Music filled the living room—Passacaglia, a piece by Handel, arranged by Halvorsen and played by a violin and a viola. The melody seemed to bring life to the vast space, decorated with black and white photos, dozen of small sculptures and hundreds of books neatly lined up on two large bookcases.
Standing in the middle of the room, Joseph Morag and Ian Niederhoffer, both 17, closed their eyes. Their right hands, holding the bows, waltzed in rhythm, their left fingers danced on the strings.
Sitting in armchairs in front of them: Dr. Avodah Offit, a former psychiatrist and sex therapist, and her husband, Sidney Offit, respectively 82 and 85 years-old.
Morag and Niederhoffer are two of 600 New York kids, ranging from elementary schools students to high-school graduates, who perform on the behalf of Concerts in Motion, which brings live-music to homebound citizens, for free.
The organization’s young musicians come from music classes, private or public schools and performing arts organizations. Their skill levels range from beginner to pre-professional. “The idea is to use music as a catalyst for interaction, and that interaction is combating the social isolation that can come from having to stay home all day,” said Jennifer Finn, a violinist, opera singer and music teacher who founded the organization in 2009.
In the next twenty years, demographers expect residents 65 and older to increase by 35 percent, according to a recent study on New York’s seniors by the Center for an Urban Future. In 2010, about 17 percent of the city population was over 60, census data show.
And as the New York City population ages, the number of people unable to leave their homes is increasing. Along with chronic illnesses, social isolation is one of the main challenges of the homebound population, according to Dr. David Muller, who has been working with homebound patients for the past 20 years with Mount Sinai Hospital in Harlem.
What homebound seniors need the most is access to socialization in any form and access to medical care, both of which would provide a safe, comfortable, dignified living environment, Dr. Muller, who co-founded Mount Sinai Visiting Doctors Program in 1995, wrote in an email. The service brings medical care to over 1,000 homebound patients each year.
Five years ago, Dr. Muller joined Concerts in Motion’s board of directors. He now connects some of his patients, such as Dr. Offit, with the nonprofit. “I think music provides people with an escape from their cares and worries,” he wrote in an email.
Dr. Offit thought it was a joke when her physician asked her if she would like to have some musicians coming to her Upper East Side apartment. “Of course, send an orchestra!” she replied, thinking she was being teased. But after the 45-minute presentation, she said, “I like what I heard this afternoon very much.” Still, she was still a bit shocked to receive a private concert in her living room.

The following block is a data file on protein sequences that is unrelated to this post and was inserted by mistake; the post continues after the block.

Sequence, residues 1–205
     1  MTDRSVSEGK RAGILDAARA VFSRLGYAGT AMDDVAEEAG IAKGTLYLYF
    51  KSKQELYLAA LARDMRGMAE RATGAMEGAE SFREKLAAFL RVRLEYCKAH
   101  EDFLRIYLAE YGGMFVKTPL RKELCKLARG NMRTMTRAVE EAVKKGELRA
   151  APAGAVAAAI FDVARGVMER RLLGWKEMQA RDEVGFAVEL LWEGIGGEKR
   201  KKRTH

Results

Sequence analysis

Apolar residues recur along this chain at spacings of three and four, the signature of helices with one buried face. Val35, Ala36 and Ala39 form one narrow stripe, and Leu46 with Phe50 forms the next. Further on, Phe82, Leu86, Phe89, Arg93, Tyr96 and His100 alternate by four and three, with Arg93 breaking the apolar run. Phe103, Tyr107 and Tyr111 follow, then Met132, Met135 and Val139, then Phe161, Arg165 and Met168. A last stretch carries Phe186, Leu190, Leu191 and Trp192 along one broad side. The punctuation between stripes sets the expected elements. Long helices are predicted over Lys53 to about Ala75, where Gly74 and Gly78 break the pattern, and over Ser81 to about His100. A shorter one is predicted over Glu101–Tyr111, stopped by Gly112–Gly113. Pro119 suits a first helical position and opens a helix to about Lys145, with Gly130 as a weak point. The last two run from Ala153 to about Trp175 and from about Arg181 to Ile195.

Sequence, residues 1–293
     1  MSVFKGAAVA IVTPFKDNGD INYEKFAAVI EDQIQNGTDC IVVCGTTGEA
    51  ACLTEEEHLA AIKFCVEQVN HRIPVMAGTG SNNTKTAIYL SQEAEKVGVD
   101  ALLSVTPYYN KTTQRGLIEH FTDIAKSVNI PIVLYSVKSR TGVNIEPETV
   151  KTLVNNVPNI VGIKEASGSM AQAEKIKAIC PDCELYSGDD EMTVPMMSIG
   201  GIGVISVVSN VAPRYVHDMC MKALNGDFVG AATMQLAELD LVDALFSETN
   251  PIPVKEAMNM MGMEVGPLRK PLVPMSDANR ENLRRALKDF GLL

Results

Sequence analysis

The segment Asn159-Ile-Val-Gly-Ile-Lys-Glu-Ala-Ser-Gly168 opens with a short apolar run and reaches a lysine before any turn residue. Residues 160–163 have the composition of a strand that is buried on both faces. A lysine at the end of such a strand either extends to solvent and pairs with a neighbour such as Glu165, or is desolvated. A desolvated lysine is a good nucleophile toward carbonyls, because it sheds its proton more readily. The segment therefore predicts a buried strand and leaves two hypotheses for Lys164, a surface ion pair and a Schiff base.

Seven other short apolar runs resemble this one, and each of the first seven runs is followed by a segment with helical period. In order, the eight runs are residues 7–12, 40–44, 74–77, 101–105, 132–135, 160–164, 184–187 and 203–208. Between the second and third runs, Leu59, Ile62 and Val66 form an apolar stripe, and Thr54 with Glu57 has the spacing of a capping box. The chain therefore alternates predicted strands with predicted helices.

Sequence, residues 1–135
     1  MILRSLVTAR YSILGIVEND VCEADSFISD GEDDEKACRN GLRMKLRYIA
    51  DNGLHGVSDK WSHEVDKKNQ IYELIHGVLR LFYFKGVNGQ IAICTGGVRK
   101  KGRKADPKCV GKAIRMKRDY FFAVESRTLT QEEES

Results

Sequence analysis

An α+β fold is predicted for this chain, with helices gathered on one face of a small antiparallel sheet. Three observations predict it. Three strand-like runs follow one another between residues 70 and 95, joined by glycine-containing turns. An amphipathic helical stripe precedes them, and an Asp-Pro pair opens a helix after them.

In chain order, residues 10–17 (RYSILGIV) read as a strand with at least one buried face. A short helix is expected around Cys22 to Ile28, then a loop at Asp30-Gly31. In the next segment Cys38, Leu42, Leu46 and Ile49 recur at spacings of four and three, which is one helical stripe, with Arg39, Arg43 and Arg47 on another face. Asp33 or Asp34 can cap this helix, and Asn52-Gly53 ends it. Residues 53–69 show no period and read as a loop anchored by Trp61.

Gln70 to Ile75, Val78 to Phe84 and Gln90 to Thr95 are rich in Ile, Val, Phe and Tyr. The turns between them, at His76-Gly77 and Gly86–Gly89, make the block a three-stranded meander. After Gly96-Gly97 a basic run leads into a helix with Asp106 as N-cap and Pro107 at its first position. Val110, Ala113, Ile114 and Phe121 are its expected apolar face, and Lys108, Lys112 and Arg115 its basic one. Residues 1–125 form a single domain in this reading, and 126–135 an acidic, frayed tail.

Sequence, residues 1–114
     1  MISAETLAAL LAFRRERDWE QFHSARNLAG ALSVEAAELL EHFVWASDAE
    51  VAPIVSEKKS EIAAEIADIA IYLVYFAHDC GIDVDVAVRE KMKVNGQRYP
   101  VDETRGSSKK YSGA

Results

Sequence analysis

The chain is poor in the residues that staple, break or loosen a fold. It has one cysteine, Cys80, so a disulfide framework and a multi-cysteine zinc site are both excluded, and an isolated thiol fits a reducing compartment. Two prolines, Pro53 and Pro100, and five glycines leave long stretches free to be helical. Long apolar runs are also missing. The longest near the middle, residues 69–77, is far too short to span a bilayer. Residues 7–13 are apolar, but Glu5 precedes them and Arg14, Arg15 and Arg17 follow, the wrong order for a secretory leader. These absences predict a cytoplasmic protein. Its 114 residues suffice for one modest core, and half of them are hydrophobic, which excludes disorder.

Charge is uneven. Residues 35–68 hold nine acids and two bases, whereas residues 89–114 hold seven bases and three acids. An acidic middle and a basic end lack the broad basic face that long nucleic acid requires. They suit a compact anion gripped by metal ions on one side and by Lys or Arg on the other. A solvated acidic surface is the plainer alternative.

Morag and Niederhoffer, who both volunteered to play, said they enjoy performing in this type of setting. “Every time we do it I feel like it’s the most important part of what we do,” said Morag, a student at LaGuardia High School of Music & Art and Performing Arts and the concertmaster of New York Youth Symphony.
“Of course, everyone is inspired to have their big concert in Carnegie Hall,” the young musician said, “performing here you don’t get the same fame and glory of an audience of 10,000 people, but the two people you play for just appreciate it that much more.”
Dr. Offit said the performance made her “feel part of another century, another life and another lifestyle” while her husband, who is not homebound, said it reminded him of when they had friends coming over to play their piano. “It brings back a lot of memories,” he said, “it spices up the day, the week and even the month.”
Playing for the homebound is just one of five programs organized by Concerts in Motion. The group also sends musicians to VA hospitals, nursing homes, homeless shelters and centers for adults with mental disabilities. The organization always sends a professional musician first to meet the service-receivers and perform for them, and then asks them if they’d like a youth visit.
Not all situations are great for kids, notes Finn, and if her organization can’t send youths, it sends professional musicians only. While the kids volunteer, Concerts in Motion usually pays professionals a hundred dollars for the performances, which last between 30 minutes to an hour.
Recently, the organization has been working to connect public schools with seniors’ centers that are at a walking distance from the school. As with all its programs, the main goal is to reinforce community and intergenerational bonds, Finn said. So far, Concerts in Motion has worked with five public schools located in Brooklyn and in Manhattan.